“We’ve come a long way, particularly with regards to our defense relationship,” Panetta said, noting that “a great deal of blood was spilled in this war on all sides — by Americans and by Vietnamese.”
For the Obama administration, which is attempting to reorient its foreign policy and military toward Asia in part because of China’s rise, Vietnam represents a key opportunity.
Despite long-standing efforts by China to forge ties with Vietnam’s communist government, leaders in Hanoi are increasingly turning elsewhere for new partnerships, most notably with the United States.
“This is a country that’s clearly thinking very strategically about China and its place in Asia,’’ said Ernie Bower, a Southeast Asia expert at the Center for Strategic and International Studies in Washington. “And Vietnam has turned out to be one of the more straight shooters. They call it like they see it on China. That’s something attractive to the U.S.”
Panetta’s stopover at Cam Rahn Bay was just the latest move on both sides to draw closer militarily.
The two countries signed a general agreement last year for defense cooperation, and during his two-day stay Panetta will work on the details of implementing that agreement with the defense minister and other top Vietnamese leaders.
The hope is that military cooperation will advance to the point where Vietnam would provide a key military access point and possibly even host a rotation of U.S. troops and Navy warships— a new approach the United States is adopting in Australia and Singapore and looking to implement in the Philippines.
Such arrangements are seen by defense leaders as a way to project American power at a lower cost and impose a lighter American footprint in countries where more permanent methods, such as a U.S. military base, would not be welcome.
There are signs Vietnam may be ripe for such an arrangement in coming years; since 2003, 20 U.S. Navy ships have been allowed stops in Vietnam.
But like many Southeast Asian countries that have clamored of late for an increased U.S. presence, Vietnam is at the same time moving cautiously into such a possible partnership to avoid provoking China, which remains a significant trading partner and has a much stronger military.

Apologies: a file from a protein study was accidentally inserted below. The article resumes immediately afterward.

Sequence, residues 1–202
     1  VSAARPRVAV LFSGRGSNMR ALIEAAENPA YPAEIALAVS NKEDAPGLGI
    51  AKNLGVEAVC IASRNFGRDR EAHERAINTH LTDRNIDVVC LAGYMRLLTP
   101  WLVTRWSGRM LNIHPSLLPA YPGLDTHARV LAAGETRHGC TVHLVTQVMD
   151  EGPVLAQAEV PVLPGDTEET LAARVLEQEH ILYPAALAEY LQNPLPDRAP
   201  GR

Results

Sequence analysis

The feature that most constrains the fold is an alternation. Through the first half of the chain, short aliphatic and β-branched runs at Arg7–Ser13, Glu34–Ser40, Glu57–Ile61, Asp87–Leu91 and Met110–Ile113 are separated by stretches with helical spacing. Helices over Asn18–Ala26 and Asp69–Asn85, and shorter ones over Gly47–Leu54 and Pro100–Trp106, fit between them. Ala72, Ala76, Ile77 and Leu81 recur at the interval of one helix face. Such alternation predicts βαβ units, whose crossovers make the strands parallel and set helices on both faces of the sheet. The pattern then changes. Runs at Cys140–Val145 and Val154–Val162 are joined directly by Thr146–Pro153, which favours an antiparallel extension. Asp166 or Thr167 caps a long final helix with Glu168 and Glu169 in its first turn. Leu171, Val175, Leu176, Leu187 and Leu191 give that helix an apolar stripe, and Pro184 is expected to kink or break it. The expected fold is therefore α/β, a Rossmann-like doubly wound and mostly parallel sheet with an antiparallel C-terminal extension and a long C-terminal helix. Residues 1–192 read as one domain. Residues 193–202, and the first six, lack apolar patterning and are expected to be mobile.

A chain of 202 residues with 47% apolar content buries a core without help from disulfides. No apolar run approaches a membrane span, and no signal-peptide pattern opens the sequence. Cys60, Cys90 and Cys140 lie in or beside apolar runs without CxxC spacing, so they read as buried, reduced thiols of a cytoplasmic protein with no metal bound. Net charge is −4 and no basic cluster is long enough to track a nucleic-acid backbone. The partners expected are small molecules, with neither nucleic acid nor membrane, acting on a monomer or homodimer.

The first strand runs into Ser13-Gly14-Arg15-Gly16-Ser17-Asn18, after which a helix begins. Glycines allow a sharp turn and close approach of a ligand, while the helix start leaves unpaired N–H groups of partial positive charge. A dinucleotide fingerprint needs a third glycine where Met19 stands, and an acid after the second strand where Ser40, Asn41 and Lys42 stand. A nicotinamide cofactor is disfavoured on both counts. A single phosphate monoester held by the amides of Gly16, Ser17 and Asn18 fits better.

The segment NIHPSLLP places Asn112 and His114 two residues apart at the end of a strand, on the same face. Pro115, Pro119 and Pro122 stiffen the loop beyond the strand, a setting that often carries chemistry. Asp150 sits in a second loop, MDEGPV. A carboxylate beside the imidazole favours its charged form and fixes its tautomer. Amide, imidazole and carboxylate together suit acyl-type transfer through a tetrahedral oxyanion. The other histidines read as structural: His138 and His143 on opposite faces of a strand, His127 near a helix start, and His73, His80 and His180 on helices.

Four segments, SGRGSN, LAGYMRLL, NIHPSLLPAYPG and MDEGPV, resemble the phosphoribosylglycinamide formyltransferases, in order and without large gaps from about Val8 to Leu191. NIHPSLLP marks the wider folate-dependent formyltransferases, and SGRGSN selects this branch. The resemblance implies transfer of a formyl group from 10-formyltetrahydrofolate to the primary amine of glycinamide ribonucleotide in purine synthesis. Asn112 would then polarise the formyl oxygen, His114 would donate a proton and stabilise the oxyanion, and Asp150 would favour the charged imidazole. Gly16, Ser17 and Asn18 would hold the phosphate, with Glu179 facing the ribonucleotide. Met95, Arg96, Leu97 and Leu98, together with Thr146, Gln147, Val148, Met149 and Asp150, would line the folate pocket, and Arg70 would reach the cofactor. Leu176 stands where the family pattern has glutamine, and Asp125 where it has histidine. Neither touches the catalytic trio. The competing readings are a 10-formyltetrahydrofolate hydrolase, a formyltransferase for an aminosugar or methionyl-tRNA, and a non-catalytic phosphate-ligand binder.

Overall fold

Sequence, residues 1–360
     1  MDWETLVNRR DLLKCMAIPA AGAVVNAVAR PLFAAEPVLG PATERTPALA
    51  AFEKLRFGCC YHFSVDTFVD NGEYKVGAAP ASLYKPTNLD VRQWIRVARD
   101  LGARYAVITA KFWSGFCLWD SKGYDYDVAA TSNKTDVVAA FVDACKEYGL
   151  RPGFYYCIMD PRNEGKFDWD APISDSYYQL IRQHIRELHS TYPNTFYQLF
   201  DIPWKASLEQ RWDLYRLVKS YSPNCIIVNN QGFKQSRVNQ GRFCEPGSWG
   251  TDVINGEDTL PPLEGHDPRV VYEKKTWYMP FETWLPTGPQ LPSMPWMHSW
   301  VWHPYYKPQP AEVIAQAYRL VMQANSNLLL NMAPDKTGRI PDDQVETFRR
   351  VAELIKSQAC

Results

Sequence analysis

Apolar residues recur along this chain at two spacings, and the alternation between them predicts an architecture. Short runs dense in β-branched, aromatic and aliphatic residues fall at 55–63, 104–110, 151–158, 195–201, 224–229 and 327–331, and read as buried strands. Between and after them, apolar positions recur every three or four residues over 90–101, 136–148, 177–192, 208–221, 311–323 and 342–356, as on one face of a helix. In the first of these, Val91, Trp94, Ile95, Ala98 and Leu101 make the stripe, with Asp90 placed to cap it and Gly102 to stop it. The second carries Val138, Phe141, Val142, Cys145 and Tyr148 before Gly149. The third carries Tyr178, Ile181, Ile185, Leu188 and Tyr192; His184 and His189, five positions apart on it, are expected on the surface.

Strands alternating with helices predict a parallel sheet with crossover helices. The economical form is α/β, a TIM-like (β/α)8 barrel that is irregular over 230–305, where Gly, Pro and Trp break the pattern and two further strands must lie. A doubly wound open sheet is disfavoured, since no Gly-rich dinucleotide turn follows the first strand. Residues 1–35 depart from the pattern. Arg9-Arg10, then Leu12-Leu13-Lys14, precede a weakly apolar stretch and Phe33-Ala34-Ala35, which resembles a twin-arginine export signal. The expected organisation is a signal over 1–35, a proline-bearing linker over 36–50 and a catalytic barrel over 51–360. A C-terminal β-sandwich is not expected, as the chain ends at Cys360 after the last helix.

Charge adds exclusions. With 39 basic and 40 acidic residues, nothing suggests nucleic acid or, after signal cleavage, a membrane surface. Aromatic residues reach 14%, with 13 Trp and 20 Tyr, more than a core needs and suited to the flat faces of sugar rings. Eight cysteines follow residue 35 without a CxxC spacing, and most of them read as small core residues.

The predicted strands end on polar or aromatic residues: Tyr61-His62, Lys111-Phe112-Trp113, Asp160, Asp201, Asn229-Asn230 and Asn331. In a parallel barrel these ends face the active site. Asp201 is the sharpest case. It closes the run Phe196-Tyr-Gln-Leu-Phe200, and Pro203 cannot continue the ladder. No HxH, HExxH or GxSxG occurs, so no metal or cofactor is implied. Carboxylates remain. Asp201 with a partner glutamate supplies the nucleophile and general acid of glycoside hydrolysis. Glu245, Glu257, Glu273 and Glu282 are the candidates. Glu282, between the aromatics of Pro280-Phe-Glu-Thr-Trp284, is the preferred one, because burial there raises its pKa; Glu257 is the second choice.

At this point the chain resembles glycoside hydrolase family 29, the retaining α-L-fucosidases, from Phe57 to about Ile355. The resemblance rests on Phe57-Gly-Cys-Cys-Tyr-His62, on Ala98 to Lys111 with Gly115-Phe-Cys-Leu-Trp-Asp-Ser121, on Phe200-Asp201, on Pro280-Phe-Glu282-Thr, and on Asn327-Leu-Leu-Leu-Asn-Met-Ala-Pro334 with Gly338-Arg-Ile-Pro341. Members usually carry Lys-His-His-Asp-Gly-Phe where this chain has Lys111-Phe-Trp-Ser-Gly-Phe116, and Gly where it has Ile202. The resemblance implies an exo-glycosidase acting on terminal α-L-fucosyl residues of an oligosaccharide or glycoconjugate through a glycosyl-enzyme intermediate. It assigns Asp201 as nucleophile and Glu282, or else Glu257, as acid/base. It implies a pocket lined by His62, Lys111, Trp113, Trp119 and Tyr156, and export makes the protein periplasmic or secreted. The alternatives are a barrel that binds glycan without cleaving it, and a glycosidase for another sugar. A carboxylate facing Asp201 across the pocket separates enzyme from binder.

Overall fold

In Cam Ranh Bay, for example, Vietnam has begun in the last few years to allow U.S. Navy supply ships to dock for repairs and maintenance. Panetta toured one such ship on Sunday.
But Vietnam also has been careful to emphasize its “friends to all countries” policy, giving equal access to other countries as well.
Analysts with frequent contact with Vietnamese military leaders say there remain doubters about the budding U.S. relationship.
“Both sides are trying to avoid overplaying on the military cooperation aspect,” Bower said, “and this visit to Cam Ranh Bay is right on the edge of that calculation.”
As one of the best natural harbors in the area, the bay has long held strategic importance for many countries.
For the United States, it served as a logistics hub and an air base during the Vietnam War. Even after the American withdrawal, the Vietnamese leased the area for several years to the Soviet Union. Now, Vietnamese leaders want to turn it into a commercial port, servicing passing ships.
But one reason it is particularly appealing militarily is that it provides direct access to the South China Sea, a large swath of disputed territory that has created enormous friction in recent months between China and its neighbors, including Vietnam.
The bay also could prove particularly useful to the United States given a new strategy announced by Panetta on Saturday at a security conference in Singapore. In a speech to defense leaders from 28 countries, Panetta vowed that by 2020, 60 percent of the U.S. naval forces will be shifted into the Pacific and 40 percent in the Atlantic, in contrast to the current 50-50 split.
“Access for U.S. naval ships into this facility is a key component of this relationship and we see a tremendous potential here,” Panetta said.